The Toronto Symphony orchestra has announced the signing of a new long-term recording partnership with independent label Harmonia Mundi. The deal represents the company’s first major agreement with an orchestra based in North America.
The first recording to launch the multi-disc agreement will be of Olivier Messiaen’s Turangalîla-Symphonie. That release will drop on February 2, 2024.
The next two recordings under the agreement have already been planned. They include Stravinsky’s ballet Pulcinella (together with a work by Canadian composer Kelly-Marie Murphy), and The Miraculous Mandarin (together with a work by Canadian composer Emilie LeBel). The Stravinsky/Murphy album will be recorded this season, and the Bartók/LeBel recordings during the next (2024/25).
“The Toronto Symphony Orchestra is very excited to be the first North American orchestra to partner with Harmonia Mundi. The inaugural recording of this partnership — the Turangalîla-Symphonie, among the greatest compositions of the 20th century — reflects the ebullient energy of today’s Toronto Symphony under the exceptional musical leadership of Gustavo Gimeno, while paying homage to our storied history,” said Beck Family CEO, Mark Williams.
The TSO has a distinguished recording catalogue of just under 100 titles that dates back to 1942. Their two most recent releases, Vaughan Williams in 2018 with TSO Conductor Emeritus Peter Oundjian, and Massenet’s Thaïs in 2021 recording under TSO Conductor Laureate Sir Andrew Davis, won JUNO Awards. Vaughan Williams: Orchestral Works also garnered a GRAMMY nomination. Both were released on the Chandos label.
Here’s a taste:
“I deeply enjoy my long-standing relationship with Harmonia Mundi, and am very inspired by this opportunity to bring that relationship to Toronto,” said Gustavo Gimeno. “So when I was asked to select a work from the entirety of the repertoire, for my first recording with the Toronto Symphony Orchestra, my decision was immediate. Not only is Olivier Messiaen’s Turangalîla-Symphonie historically significant to the TSO — as TSO Music Director Seiji Ozawa recorded it with the orchestra in 1968 — but it also embodies the sense of forward-looking intrepidity that characterizes both the orchestra and the label. This new artistic alliance is wonderfully apt, and I am thrilled to be a part of it.”
Formed in France in 1958, Harmonia Mundi has an extensive artist list. It is part of PIAS, a Belgian corporation specializing in independent music recording.
“I’m delighted to be starting this collaboration with such a prestigious orchestra as the TSO,” said Christian Girardin, Director of Harmonia Mundi. “Each new signing in the world of symphonic music takes on particular importance, especially in our case. The history of the label is intertwined with that of a certain form of interpretation, based on authenticity of purpose but also on genuine artistic sincerity. As far as Gustavo Gimeno is concerned, I want to say that I admire his blend of humility and virtuosity at the baton. The upcoming projects outline an exploration of the repertoire far removed from any form of routine. In any case, that’s my dearest wish: with an orchestra capable of drawing on a glorious history while constantly challenging itself, and a conductor attentive to the smallest details, I’m convinced we will do a great job! Thank you all for your confidence, and welcome to Harmonia Mundi.”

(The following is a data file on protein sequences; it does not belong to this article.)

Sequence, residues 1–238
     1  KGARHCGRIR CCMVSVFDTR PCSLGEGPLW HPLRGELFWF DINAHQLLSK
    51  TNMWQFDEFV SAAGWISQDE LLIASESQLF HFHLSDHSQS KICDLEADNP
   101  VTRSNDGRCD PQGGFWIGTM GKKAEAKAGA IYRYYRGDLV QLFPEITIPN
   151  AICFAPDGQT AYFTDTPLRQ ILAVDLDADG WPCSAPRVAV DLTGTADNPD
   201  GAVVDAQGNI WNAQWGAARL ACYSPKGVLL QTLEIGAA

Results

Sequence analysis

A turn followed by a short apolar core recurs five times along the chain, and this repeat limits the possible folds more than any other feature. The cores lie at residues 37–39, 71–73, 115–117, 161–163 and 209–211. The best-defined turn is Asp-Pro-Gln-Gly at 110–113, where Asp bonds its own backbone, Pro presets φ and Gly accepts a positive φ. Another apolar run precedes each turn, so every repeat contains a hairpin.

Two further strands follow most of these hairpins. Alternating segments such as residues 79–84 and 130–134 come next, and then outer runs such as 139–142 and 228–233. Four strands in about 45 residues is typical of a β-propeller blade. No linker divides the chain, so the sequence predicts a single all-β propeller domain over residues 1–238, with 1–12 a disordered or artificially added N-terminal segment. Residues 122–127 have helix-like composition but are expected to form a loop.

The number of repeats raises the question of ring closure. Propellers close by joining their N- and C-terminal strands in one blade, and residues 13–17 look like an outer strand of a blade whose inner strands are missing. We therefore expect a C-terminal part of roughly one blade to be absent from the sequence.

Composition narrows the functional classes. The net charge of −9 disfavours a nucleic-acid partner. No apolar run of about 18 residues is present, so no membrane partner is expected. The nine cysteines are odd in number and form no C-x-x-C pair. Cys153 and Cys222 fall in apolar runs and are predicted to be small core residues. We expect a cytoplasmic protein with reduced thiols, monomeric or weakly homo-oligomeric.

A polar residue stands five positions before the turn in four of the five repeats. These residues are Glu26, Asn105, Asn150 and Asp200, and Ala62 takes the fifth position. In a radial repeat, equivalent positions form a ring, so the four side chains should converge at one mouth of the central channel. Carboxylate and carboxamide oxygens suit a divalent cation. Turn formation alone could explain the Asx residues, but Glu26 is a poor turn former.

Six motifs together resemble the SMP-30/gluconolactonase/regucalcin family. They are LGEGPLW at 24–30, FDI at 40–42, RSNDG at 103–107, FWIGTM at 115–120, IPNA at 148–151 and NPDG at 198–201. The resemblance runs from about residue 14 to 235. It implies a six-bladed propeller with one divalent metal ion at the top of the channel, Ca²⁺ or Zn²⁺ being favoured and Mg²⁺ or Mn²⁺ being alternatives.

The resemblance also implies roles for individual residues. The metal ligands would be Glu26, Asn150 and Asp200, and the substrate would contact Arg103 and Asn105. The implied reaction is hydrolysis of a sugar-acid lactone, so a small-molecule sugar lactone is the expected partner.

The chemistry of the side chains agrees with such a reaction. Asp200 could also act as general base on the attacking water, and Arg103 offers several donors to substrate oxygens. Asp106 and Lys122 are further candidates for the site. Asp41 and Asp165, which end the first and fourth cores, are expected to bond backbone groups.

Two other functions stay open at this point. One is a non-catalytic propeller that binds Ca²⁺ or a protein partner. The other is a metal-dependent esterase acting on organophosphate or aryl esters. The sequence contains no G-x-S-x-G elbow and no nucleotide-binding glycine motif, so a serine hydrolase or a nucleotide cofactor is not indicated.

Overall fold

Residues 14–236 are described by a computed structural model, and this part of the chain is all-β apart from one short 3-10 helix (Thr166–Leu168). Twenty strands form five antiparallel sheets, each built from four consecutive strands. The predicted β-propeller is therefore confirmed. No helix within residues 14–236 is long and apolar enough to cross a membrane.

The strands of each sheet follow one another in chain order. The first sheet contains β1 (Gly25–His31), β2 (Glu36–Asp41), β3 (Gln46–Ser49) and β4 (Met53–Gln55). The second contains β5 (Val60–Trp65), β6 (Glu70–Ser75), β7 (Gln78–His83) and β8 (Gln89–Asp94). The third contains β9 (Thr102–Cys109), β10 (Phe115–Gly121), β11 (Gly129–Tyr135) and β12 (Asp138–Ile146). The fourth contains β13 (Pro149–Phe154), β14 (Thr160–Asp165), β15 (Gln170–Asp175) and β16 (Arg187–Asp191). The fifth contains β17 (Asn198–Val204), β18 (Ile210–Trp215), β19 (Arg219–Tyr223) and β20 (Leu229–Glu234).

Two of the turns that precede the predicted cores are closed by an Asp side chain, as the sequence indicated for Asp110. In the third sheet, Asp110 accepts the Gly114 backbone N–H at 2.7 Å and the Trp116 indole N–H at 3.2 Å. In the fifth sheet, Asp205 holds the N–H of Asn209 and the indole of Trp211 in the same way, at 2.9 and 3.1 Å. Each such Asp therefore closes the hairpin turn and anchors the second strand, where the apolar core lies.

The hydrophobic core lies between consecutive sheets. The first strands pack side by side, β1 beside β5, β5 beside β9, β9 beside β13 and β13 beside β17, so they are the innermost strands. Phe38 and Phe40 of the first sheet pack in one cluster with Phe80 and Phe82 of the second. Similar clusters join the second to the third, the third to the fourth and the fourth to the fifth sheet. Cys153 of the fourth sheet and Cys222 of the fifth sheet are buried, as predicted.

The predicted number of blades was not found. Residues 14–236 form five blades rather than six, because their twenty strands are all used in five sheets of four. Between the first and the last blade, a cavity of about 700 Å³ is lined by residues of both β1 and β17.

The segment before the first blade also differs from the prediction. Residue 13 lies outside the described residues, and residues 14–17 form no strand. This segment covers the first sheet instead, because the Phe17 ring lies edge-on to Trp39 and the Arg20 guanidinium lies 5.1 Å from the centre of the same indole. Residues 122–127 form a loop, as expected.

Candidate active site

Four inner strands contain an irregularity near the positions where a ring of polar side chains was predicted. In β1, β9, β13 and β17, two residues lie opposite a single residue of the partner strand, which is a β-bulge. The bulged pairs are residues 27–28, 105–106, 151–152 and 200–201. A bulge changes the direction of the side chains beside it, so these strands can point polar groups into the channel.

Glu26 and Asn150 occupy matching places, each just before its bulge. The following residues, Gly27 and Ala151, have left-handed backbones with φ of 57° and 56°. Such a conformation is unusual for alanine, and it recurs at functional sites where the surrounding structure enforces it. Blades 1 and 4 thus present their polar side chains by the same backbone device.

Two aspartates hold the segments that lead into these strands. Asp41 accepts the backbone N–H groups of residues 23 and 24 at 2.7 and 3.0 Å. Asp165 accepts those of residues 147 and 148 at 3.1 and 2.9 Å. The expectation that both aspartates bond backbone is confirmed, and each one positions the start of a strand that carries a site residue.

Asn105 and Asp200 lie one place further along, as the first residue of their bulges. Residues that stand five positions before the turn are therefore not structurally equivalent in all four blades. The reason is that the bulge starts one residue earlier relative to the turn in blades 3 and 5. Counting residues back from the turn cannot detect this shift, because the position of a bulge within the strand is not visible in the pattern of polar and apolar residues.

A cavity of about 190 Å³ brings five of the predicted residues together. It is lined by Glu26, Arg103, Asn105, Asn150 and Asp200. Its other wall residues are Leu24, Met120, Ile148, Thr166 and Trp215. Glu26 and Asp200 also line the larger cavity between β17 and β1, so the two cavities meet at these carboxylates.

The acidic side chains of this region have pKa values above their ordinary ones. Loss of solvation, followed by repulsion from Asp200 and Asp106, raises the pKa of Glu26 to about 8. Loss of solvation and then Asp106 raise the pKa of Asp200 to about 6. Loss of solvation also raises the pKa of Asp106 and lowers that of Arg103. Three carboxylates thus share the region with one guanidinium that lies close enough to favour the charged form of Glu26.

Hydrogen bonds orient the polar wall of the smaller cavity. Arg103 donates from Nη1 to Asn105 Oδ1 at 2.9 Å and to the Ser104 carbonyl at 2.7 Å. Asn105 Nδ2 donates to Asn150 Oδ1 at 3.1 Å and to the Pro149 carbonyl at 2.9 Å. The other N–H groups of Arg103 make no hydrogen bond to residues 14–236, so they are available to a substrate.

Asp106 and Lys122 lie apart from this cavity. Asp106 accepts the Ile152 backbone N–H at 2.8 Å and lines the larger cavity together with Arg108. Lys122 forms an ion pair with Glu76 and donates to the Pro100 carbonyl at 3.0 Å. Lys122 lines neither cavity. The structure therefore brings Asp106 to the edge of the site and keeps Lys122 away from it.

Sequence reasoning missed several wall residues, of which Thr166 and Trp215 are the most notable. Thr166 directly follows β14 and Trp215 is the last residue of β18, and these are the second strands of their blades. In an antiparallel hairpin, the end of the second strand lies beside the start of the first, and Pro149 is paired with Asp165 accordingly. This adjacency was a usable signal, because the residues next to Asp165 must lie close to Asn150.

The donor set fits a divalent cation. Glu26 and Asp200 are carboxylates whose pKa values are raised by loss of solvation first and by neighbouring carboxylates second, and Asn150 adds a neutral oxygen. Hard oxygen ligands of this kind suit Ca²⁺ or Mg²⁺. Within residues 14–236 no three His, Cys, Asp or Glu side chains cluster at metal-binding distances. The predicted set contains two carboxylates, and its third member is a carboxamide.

Olivier Messiaen’s Turangalîla-Symphonie
The recording was captured during the TSO’s 100th-anniversary season, and pays tribute to the orchestra’s GRAMMY®-nominated 1968 RCA recording of the same piece. Along with Maestro Gimeno and the artists of the TSO, special guest artists and instruments will add to the wow factor for the agreement’s inaugural recording.
Marc-André Hamelin, piano
To be fair, the title of virtuoso may be tossed around too frequently; when it comes to the technical gifts of Marc-André Hamelin, it hardly seems an adequate descriptor. He adds a superb sense of artistry and musicianship, and has become internationally renowned for his interpretive skills.
He has performed around the world, and developed a fearless reputation for taking on rare and exquisitely difficult works, including the music of Charles-Valentin Alkan and Godowsky, among others.
Nathalie Forget and the Ondes Martenot
Messiaen was one of the few champions of the ondes Martenot. The ondes Martnet, also called ondes musicales or musical waves in English, was one of the earliest electronic instruments. It was invented in 1928 by Maurice Martenot, inspired by the overlapping waves of sound from military radio oscillators.
It features a 72-note keyboard mounted on a rail, and vacuum tube or transistor oscillators which produce the sound. It sounds something like the theremin, producing waves of sound. Because of its wavering tone, it has been used in horror and science fiction films.
Messiaen’s sister-in-law Jeanne Loriod was a noted ondiste. That is also true of Nathalie Forget.
Nathalie Forget studied the instrument in Paris, where she was unanimously awarded the First Prize in ondes Martenot at the Conservatoire National Supérieur. Her degrees include a masters in musical philosophy, with a focus on Olivier Messiaen. She is an ondes Martenot professor at the Conservatoire nowadays.
Nathalie has performed extensively in Europe, along with the US and Mexico, and worked with noted conductors and ensembles, including the BBC Scottish Symphony Orchestra and NDR Elbphilharmonie Orchestra in Hamburg. Her previous recordings include Olivier Messiaen’s opera, Saint François d’Assise, conducted by Ingo Metzmacher and staged by Pierre Audi.
The recording will be dedicated to the memory of the late Hans and Susan Brenninkmeyer, a couple who were staunch supporters of the TSO through more than three decades.
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